The biggest hope in Kona for my Spanish friends at BCN Triathlon is Eneko Llanos. They’ve asked me to have a closer look at him – here is what I put together on him and his chances for Kona 2013. (If you’re a Spanish speaker, check out the Spanish version: Análisis de las posibilidades de Eneko en Kona on BCN Triathlon.)
Eneko Llanos is one of the few athletes whose career started before 2005 (which is how far back my results go), but as far as I know I’ve captured all his Ironman-distance results. Here’s a table of the IM-distance races I have in my database for Eneko:
|Race||Date||Swim||Bike||Run||Total||Adjusted||Rating||Rank in Race|
|IM Western Australia||2005-11-27||00:50:38||04:46:10||02:54:53||08:31:41||08:33:30||08:34:19||2|
(Eneko himself has contacted me to note that the Germany 2005 result I have listed in the table is actually from his brother Hector. I have updated my database accordingly, but the general picture for Eneko doesn’t change much.)
In addition to the splits there are three main data points for each race:
- “Total” is the finishing time for each race, as it appeared in the results
- “Adjusted” is the course- and condition-neutral time, allowing a comparison of results from different races
- “Rating” is an age-weighted average of all previous adjusted times in order to compare different athletes, even if they haven’t raced each other
Before becoming focused on long-distance racing, Eneko was a good short-distance racer (competing twice in the Olympics); and he continues to race very well in XTerra races. He seems to like the Maui race (usually a few weeks after Kona), and he won the Kona/Maui “double” a couple of times.
His IM career started in 2005, when he finished
IM Germany and Western Australia slightly above 8:30. He qualified for Hawaii in Austria (adjusted time again in 8:30 range), and Kona 2006 was his best race so far (adjusted 8:18) and he finished 5th.
In 2007 he won his “home IM” in Lanzarote (with a relatively slow time, even adjusted) and then posted a fast time Roth (even if the 8:06 is adjusted to his “then typical” 8:26). Again, he had a solid Kona race and finished 7th. He continued to deliver great results in 2008, when he got a 2nd place in Frankfurt and also in Kona. He was leading the Kona race for a bit on the run, but Craig Alexander took the lead in the Energy Lab, and won by merely two minutes over Eneko.
He used a similar approach in 2009 – and it started well as he got another 2nd in Germany (contending for the win by breaking Macca, but being ultimately run down by Timo Bracht). However, his Kona race was a disappointment and he finished in 14th place. He seemed to take a less Kona-centric approach in 2010. He raced and won again in Lanzarote, and went to Roth to post a fast time, finishing in 3rd place in 8:02. He then raced in Kona, finishing in a solid 7th with a good 2:47 run. By then he had established himself as a solid Top10 Kona athlete, but other than Lanzarote he hadn’t won any IM races and it was clear that he would have to improve further to contend for wins in the big races.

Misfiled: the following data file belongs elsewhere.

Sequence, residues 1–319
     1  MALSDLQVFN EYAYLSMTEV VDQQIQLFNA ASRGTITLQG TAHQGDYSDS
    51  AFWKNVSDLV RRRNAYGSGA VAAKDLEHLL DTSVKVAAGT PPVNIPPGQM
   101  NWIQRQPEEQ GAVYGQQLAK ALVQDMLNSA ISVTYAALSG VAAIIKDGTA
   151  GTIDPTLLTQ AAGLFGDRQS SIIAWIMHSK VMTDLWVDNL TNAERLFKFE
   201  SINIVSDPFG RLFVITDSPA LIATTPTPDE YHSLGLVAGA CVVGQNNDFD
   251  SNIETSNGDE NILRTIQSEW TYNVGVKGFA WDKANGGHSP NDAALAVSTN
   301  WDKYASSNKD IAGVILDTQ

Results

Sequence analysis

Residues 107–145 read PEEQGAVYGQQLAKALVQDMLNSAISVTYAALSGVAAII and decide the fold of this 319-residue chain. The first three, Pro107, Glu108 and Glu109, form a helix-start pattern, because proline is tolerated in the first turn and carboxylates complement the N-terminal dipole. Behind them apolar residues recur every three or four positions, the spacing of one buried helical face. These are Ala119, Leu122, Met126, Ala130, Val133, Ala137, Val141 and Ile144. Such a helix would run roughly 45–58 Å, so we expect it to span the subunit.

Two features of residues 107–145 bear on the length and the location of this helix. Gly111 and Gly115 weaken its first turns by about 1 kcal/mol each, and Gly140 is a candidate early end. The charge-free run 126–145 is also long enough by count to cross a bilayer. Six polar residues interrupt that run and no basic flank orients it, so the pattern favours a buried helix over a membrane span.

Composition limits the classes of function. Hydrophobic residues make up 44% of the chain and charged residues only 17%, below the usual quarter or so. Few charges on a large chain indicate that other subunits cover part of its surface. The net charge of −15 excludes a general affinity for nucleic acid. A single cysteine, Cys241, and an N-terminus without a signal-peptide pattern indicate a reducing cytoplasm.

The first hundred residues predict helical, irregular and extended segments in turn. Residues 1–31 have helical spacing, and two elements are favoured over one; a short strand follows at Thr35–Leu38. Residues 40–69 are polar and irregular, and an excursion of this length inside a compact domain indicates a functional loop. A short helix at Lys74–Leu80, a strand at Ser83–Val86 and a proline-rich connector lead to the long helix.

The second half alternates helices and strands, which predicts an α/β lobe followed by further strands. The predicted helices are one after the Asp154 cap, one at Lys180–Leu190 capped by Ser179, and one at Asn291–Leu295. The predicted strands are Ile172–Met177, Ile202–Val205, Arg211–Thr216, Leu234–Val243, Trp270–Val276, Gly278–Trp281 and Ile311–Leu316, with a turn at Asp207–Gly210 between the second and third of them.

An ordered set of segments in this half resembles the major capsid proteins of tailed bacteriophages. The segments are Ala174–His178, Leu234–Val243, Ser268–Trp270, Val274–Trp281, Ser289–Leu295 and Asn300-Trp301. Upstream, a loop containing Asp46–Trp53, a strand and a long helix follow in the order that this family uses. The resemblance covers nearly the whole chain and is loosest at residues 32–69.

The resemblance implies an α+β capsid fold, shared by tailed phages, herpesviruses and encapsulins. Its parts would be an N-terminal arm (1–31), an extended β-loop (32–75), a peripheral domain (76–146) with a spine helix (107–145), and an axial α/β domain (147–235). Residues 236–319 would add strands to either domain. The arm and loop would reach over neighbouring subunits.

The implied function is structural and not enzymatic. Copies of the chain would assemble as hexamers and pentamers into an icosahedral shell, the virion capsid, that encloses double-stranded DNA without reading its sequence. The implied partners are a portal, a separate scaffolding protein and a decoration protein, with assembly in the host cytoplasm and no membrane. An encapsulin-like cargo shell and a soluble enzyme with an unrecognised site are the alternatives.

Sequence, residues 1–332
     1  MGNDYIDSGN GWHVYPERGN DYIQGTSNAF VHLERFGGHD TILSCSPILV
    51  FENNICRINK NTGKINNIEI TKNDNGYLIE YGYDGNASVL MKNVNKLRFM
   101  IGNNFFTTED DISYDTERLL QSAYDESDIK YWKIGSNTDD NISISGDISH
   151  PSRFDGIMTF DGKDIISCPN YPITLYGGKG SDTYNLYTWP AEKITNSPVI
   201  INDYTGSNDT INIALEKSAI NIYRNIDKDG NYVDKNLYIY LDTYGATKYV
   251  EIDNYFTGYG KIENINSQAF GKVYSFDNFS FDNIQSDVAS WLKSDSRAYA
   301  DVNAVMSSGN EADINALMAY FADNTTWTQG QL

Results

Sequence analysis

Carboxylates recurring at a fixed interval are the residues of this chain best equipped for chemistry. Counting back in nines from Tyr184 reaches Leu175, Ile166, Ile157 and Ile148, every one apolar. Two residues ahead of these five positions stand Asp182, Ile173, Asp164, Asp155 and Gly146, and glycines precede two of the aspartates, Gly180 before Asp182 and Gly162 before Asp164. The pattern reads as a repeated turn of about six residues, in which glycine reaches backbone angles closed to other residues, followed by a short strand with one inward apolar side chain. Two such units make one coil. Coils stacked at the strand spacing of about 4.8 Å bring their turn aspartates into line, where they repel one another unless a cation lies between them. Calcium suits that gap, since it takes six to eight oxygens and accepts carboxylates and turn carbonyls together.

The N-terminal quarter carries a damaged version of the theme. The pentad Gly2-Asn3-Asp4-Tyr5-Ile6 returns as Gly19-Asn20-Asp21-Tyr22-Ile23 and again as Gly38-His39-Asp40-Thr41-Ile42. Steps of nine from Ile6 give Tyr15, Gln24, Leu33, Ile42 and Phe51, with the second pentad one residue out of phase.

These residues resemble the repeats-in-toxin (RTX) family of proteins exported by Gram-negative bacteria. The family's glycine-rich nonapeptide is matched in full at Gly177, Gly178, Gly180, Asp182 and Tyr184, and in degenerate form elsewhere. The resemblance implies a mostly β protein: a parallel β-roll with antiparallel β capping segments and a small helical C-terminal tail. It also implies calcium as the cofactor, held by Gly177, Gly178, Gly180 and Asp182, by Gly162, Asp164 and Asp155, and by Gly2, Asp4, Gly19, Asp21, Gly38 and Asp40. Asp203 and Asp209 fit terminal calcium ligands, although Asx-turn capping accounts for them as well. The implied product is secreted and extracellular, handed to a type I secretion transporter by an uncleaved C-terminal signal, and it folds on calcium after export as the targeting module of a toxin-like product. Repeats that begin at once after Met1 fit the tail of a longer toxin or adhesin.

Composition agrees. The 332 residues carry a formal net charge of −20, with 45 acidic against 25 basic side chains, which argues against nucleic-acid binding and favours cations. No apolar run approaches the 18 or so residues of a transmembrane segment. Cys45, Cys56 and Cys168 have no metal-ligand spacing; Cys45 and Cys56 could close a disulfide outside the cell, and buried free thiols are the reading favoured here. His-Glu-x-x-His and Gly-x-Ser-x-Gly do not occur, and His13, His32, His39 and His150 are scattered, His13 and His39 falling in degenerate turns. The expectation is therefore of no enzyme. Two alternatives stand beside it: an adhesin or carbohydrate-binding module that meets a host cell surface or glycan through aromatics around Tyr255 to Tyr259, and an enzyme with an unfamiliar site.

He absolutely stepped up his game in 2011. He raced IM Texas (which was the North American regional championship that year), and won in convincing fashion. He then focused on Kona, but had a DNF with gastric problems. He recovered enough to race the XTerra championship in Maui, and then decided to race Arizona in November to get the required points for Kona qualification. He finished with three PRs (bike, run and overall), posting his first sub-8h time. What might have been as important than winning the race is that he had to fight it out with Paul Amey in the last few kilometers of the run and came away as the winner which probably gave him some extra confidence.
In Melbourne 2012, he had another great race, even if he didn’t win it: He placed 4th in what was probably the tightest IM distance race: There was a group of four athletes running together for the first half of the marathon. Even if the run course might have been a bit short, his adjusted 8:09 was the best IM result so far. He had enough points to have secured a Kona slot, where he had another frustrating DNF with two flats and crashing on his bike.
He continued to improve even further in 2013. This time, he won in Melbourne (Australasian Regional Championship) against a stacked field in a race with a shortened swim. (The times are so different from a full IM that I don’t include them in my ratings.) In the summer, he also won the European Championships in Frankfurt, another very strong field and posting his second sub-8h time.
Since the end of 2010 he has improved his rating from an already Top 10 worthy 8:24 down to a 3rd best 8:18:56 (my currently best rated athletes are Andreas and Crowie, both with a 8:16:14). Can he improve even further or race at his recent level in Kona?
It’s hard to predict what result Eneko is going to have in Kona. It is obvious that he’s been in excellent shape all season and that he has everything that would be needed to win Kona. However, aside from one 2nd place, he hasn’t had really great results in Kona. I think he was trying to address this aspect when he started to work with Dave Scott this year, one of the absolute best authorities on how to race well in Kona.
The main point against Eneko winning Kona this year seems a bit strange at first: He has won two big races this year. It is hard to deliver two good Ironman races in a season, and three is extremely difficult. Usually the motto “to be in shape for Kona, you can’t be in good shape for the summer” applies – I can’t think of any athlete who has won Frankfurt and Kona in the same year.
But I’m sure he’ll try his best to be in the mix – my prediction for him is that he’ll be either in the Top5 or blow up trying.